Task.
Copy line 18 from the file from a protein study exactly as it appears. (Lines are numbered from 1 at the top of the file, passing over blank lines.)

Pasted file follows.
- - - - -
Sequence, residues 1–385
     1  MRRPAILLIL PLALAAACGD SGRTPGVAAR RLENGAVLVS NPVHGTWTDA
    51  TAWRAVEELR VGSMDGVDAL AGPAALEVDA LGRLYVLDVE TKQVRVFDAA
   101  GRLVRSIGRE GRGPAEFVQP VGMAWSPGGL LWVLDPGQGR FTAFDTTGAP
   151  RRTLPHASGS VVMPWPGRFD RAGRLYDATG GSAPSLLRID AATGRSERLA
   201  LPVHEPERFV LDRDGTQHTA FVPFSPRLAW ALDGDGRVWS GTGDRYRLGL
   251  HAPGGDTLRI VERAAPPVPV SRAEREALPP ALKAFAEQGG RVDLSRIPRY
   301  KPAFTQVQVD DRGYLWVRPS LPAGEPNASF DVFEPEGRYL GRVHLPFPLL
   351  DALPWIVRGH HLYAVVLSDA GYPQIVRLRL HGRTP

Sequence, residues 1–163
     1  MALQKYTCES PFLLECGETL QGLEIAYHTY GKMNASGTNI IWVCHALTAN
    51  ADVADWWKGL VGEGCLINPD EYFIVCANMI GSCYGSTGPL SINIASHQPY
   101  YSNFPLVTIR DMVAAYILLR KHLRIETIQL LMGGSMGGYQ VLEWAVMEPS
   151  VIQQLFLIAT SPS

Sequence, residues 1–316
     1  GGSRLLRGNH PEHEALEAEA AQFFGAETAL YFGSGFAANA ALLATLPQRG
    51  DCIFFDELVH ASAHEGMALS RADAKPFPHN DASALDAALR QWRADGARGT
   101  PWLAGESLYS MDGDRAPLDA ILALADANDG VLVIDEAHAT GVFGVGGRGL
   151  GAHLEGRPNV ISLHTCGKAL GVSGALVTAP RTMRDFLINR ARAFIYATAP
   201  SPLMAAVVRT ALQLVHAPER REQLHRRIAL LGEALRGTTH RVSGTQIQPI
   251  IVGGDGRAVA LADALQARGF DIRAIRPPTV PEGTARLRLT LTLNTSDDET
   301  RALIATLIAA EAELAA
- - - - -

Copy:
   101  PWLAGESLYS MDGDRAPLDA ILALADANDG VLVIDEAHAT GVFGVGGRGL